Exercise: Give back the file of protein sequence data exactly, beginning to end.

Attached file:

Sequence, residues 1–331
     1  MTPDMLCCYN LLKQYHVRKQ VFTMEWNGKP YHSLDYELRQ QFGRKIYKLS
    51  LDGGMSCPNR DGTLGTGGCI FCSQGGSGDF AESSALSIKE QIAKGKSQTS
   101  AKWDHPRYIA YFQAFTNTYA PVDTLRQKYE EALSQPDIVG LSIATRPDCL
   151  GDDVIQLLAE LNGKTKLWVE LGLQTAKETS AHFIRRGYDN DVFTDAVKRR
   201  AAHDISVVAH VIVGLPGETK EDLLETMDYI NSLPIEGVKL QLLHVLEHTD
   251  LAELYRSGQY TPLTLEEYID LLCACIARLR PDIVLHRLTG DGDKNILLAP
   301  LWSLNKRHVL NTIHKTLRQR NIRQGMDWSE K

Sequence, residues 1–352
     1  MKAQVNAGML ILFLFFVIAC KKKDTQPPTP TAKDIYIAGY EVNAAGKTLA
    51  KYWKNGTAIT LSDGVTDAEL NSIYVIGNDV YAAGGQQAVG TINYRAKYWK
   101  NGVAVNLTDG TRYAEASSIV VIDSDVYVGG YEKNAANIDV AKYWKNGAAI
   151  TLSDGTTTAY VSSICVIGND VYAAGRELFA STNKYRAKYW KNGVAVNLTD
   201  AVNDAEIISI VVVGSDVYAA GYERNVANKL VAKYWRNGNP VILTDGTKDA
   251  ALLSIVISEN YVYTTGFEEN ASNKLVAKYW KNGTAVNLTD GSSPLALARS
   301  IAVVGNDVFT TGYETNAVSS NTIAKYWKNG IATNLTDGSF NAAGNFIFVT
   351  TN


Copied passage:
Sequence, residues 1–331
     1  MTPDMLCCYN LLKQYHVRKQ VFTMEWNGKP YHSLDYELRQ QFGRKIYKLS
    51  LDGGMSCPNR DGTLGTGGCI FCSQGGSGDF AESSALSIKE QIAKGKSQTS
   101  AKWDHPRYIA YFQAFTNTYA PVDTLRQKYE EALSQPDIVG LSIATRPDCL
   151  GDDVIQLLAE LNGKTKLWVE LGLQTAKETS AHFIRRGYDN DVFTDAVKRR
   201  AAHDISVVAH VIVGLPGETK EDLLETMDYI NSLPIEGVKL QLLHVLEHTD
   251  LAELYRSGQY TPLTLEEYID LLCACIARLR PDIVLHRLTG DGDKNILLAP
   301  LWSLNKRHVL NTIHKTLRQR NIRQGMDWSE K

Sequence, residues 1–352
     1  MKAQVNAGML ILFLFFVIAC KKKDTQPPTP TAKDIYIAGY EVNAAGKTLA
    51  KYWKNGTAIT LSDGVTDAEL NSIYVIGNDV YAAGGQQAVG TINYRAKYWK
   101  NGVAVNLTDG TRYAEASSIV VIDSDVYVGG YEKNAANIDV AKYWKNGAAI
   151  TLSDGTTTAY VSSICVIGND VYAAGRELFA STNKYRAKYW KNGVAVNLTD
   201  AVNDAEIISI VVVGSDVYAA GYERNVANKL VAKYWRNGNP VILTDGTKDA
   251  ALLSIVISEN YVYTTGFEEN ASNKLVAKYW KNGTAVNLTD GSSPLALARS
   301  IAVVGNDVFT TGYETNAVSS NTIAKYWKNG IATNLTDGSF NAAGNFIFVT
   351  TN